A federal judge has dismissed a purported Telephone Consumer Protection Act class action against Kohl’s Department Stores Inc. because the plaintiff failed to follow explicit instructions for stopping text messages from the company.

U.S District Judge Brian Martinotti, sitting in Trenton, dismissed the lawsuit filed by lead plaintiff Amy Viggiano, an Ocean County resident, against Kohl’s on Nov. 27.

Martinotti said in his opinion that while Viggiano may have received unwanted text messages from Kohl’s, there was no evidence that the retailer knowingly and purposefully violated the TCPA.

The TCPA was enacted in 1991 and, in part, requires companies that send out texts, emails, faxes and the like to provide means for consumers from receiving solicitations. The act prohibits one party from using an automated dialing system to send a commercial message with the recipient’s consent.

Viggiano filed the complaint on behalf of herself and an unspecified number of other plaintiffs that she estimated could be in the “tens of thousands,” according to Martinotti’s opinion.

But Martinotti dismissed the case because Viggiano failed to follow Kohl’s specific instruction that the only way to unsubscribe from the text messages was to reply with a text that read “STOP.”

Instead, according to Martinotti, Viggiano sent several messages in response such as: ”I’ve changed my mind and don’t want to receive these anymore,” “Please do not send any further messages,” and “I don’t want these messages anymore. This is your last warning!”

In response, Kohl’s texted her that it didn’t understand her requests.

The promotional texts from Kohl’s continued, and Viggiano filed her lawsuit.

Martinotti, in his ruling, said the instructions in Kohl’s texts were clear.

The lawsuit, Martinotti said, did not allege that Kohl’s deliberately made it difficult or impossible to opt out of the text messages.

“To the contrary, the facts in the complaint suggest plaintiff herself adopted a method of opting out that made it difficult or impossible for defendant to honor her request,” the judge said, taking guidance from a February ruling by the U.S. District Court for the Central District of California in Epps v. Earth Fare, which he said dealt with “nearly identical facts.”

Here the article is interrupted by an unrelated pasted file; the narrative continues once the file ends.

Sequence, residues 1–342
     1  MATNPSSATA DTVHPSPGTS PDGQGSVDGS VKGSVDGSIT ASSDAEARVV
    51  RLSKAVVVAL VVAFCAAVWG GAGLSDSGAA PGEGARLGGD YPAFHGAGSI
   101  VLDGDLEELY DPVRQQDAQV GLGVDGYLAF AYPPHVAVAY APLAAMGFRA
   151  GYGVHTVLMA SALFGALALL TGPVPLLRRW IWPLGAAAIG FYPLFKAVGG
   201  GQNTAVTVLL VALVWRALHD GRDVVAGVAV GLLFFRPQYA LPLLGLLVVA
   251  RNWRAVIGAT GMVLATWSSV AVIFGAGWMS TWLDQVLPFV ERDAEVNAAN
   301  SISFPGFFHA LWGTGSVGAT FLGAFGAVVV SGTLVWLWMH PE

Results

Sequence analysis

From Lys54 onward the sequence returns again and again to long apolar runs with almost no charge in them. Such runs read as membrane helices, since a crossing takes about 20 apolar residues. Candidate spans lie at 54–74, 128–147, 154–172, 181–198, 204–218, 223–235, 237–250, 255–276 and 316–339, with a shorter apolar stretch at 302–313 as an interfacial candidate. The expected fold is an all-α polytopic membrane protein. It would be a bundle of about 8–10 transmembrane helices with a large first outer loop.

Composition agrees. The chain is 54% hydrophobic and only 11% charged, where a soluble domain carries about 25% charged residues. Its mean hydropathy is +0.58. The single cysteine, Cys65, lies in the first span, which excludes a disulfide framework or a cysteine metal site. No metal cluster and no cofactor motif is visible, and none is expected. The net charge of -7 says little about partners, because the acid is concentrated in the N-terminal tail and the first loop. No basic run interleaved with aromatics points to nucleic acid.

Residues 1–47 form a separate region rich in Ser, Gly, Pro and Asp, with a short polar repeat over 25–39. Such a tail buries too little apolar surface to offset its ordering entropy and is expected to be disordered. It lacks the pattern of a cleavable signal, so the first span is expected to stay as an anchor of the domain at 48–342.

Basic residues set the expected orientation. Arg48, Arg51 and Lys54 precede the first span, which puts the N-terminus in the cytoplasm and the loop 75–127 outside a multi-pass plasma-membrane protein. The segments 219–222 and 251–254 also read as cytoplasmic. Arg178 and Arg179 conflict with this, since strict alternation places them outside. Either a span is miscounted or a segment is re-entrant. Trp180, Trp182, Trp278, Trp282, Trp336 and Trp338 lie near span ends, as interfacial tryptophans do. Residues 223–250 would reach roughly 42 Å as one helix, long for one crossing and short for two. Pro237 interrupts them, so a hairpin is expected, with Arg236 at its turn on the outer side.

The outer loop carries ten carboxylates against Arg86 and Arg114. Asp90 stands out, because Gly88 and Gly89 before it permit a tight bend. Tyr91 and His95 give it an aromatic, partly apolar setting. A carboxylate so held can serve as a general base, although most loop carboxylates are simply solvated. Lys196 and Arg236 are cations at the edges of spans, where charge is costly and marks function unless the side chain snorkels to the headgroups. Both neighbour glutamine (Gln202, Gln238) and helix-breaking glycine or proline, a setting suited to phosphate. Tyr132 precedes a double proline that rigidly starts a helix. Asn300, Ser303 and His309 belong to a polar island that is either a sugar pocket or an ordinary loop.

The court in Epps found that the plaintiff’s TCPA claim failed because “heeding defendant’s opt-out instruction would not have plausibly been more burdensome on plaintiff than sending verbose requests to terminate the messages.” And, like Martinotti, the court in Epps also said the plaintiff failed to allege the defendant made it “difficult or impossible to effectuate revocations.”

Martinotti rejected Viggiano’s claims that her demands were “unequivocal written withdrawals of consent.”

Rules issued by the Federal Communications Commission are clear that “a caller may not designate a method of opting out ‘in ways that make it difficult or impossible to effectuate revocation,’” Martinotti said, quoting the regulations. “Plaintiff’s arguments to the contrary defy both the FCC’s rulings and common sense.”

Viggiano was represented by Gerald Clark, who runs a firm in Red Bank. Kohl’s was represented by Jeffrey Jacobson of the New York office of Kelley Drye & Warren. Neither returned phone calls seeking comment.